I’m not a fan of reality music competitions. Never have been. Kelly Clarkson aside, I’ve paid the winners little attention, mainly because with the exception of the original winning chanteuse, their offerings feel like the equivalent of fast food: quickly slapped together and designed to sound like everything else on Top 40 radio.
To each their own, but I suppose I’m more of a foodie when it comes to my musical appetite.
But had I been watching The Voice during season 5, I would have been rooting for Kat Robichaud. Packing pipes with a raspy grit that evokes a “seen it all” wisdom, Robichaud stood out in a crowd, winning hearts along the way — including that of Amanda Palmer. Hell, she makes that omnipresent “Sail” song sound so good, I want to hear it. In the end, the masses chose the same old, same old — which is fine. There is a deserved place for that mainstream sound.
And honestly, I think Robichaud was better served with her freedom. I’d hate to see the machine attempt to cage such a tiger of a sound.
Successfully Kickstarting her debut album, Kat Robichaud and The Darling Misfits, the artist who could very well be the lovechild of Ann Wilson and Ziggy-era Bowie is uncompromising and genuine. Playing out like a glam opera, the album tracks at thirteen songs plus an alternate version of its opener. Darting from ballads to punchy rockers, it’s an album that feels as much a fantasy as the pages of a diary.
Intriguing to me, opener “The Elephant Song” sets a tone for the album that evokes Voice judge Christina Aguilera‘s stellar Back To Basics album and its circus-themed disc two. Almost scathing in its shredding of the false promises of the American Dream and fame itself, it almost stings to listen to — which is why it’s so stellar. It lays a foundation, a sort of call to attention akin to The Wall‘s opening salvo.
Album highlight “Somebody Call The Doctor” is an unabashed love song to cult favourite TV series Doctor Who, although one oblivious to the wink-nudge fun could simply revel in the frantic lust amplified by Robichaud’s soaring voice. Catchy and infused with a sixties sensibility, it is still theatrical and distinctly Kat. Conversely, the piano-driven ballad “It’s Cruel That You Should Be So Beautiful” proves that stripping down the accompaniment only allows the raw emotion of Robichaud‘s sound to shine.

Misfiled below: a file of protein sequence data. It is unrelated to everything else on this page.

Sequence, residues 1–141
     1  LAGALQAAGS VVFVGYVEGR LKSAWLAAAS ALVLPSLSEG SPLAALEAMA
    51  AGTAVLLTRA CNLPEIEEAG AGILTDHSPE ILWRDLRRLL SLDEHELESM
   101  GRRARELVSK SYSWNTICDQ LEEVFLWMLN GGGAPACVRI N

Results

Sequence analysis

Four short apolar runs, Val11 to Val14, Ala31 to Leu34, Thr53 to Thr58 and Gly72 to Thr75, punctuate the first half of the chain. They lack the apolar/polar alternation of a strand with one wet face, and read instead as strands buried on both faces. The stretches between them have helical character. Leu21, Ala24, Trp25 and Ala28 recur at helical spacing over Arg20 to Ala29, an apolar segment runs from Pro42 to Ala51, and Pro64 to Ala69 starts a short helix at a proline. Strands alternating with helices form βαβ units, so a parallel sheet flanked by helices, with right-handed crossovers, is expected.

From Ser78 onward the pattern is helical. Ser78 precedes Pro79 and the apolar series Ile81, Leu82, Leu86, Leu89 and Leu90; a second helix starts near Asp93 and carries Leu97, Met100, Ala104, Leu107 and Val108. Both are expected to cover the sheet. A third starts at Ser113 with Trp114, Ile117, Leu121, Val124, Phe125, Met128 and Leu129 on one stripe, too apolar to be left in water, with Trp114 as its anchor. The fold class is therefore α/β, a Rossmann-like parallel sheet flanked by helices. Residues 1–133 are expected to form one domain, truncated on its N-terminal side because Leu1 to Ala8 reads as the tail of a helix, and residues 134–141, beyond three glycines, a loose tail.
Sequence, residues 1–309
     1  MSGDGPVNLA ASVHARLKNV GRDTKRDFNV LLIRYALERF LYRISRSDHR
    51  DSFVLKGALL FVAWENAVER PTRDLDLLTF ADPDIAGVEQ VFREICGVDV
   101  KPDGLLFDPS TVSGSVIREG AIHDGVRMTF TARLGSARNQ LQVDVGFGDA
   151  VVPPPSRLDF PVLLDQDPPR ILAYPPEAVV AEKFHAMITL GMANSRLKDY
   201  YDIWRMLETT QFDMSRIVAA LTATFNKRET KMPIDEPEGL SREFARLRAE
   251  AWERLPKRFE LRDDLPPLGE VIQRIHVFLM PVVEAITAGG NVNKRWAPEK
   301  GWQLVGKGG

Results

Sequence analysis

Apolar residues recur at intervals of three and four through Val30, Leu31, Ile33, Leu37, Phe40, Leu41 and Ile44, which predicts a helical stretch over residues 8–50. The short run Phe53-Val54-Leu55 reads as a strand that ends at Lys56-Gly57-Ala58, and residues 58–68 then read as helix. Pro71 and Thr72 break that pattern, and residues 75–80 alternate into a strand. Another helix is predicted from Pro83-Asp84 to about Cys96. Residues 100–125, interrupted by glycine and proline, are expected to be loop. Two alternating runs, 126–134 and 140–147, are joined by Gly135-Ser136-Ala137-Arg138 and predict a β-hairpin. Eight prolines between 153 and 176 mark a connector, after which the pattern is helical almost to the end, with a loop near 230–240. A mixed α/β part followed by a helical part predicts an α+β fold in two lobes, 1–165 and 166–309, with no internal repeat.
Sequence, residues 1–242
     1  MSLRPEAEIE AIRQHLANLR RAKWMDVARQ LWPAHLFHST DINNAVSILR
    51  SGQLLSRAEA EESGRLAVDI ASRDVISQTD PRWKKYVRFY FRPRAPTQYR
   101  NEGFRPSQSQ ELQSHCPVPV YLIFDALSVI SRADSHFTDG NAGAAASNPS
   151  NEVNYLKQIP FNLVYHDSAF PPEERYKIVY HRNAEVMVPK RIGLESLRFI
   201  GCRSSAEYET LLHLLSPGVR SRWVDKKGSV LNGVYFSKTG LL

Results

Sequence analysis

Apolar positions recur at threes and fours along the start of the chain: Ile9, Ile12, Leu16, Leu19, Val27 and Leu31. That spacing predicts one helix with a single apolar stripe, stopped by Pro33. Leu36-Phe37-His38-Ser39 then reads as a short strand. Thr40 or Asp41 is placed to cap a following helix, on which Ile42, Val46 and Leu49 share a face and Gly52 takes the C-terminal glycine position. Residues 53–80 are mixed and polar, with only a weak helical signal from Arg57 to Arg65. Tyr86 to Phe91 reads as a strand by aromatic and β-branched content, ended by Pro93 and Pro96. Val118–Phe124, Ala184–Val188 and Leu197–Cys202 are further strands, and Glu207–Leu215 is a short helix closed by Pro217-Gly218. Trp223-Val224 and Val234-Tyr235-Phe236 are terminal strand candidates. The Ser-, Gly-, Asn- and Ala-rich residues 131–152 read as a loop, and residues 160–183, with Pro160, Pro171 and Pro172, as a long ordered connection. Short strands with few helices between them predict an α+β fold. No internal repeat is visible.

This is what makes this album a strong debut: Robichaud‘s good sense to pull on genres to suit the story she’s unfurling, to set a scene and bring it to life. Consider the twists of the aforementioned Palmer’s trademark cabaret punk on the swaggering “Rock Stars Don’t Apologize”, the industrial tango feel of “Electrotica” or the burlesque jazz of “Definition of Pretty” — three divergent styles, ultimately pulled together by Robichaud‘s themes of rejecting conformity in a struggle towards embracing the self.
Perhaps the album’s crowning achievement is the roaring anthem “The Apple Pie and The Knife”, a song that takes on gender expectations and slut-shaming with the precision of a Misono knife. If the album truly is a glam-rock opera, this would be the grand climax of action, and it shows in the rapid-fire verses and its Nightwish-esque bridge that pulses like a stalking predator. “You want the apple pie, but I’m the knife too sharp to swallow,” Robichaud charges at her would-be detractors in a moment that makes you simply scream, “Yes! Goddamn it, YES!”
Kat Robichaud and The Darling Misfits may have a few rough edges here and there — moments where the lyrical punches don’t always land perfectly — but it’s an album brimming with stark honesty and daring. For that alone, it deserves your attention more than the calculated competition of the week.
Highlights: “Somebody Call The Doctor”; “The Apple Pie and The Knife”; “Definition of Pretty”; “Rockstars Don’t Apologize”
Final Grade: A-
Learn more about Kat Robichaud at her official site. In the meantime, if you need more convincing, enjoy the lyric video for “Somebody Call The Doctor” below.